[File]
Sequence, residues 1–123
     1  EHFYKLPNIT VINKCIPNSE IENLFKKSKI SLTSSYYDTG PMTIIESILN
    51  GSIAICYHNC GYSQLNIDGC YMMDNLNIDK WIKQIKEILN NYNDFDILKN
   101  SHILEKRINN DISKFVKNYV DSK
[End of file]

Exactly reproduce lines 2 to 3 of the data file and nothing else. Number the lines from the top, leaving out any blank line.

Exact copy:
     1  EHFYKLPNIT VINKCIPNSE IENLFKKSKI SLTSSYYDTG PMTIIESILN
    51  GSIAICYHNC GYSQLNIDGC YMMDNLNIDK WIKQIKEILN NYNDFDILKN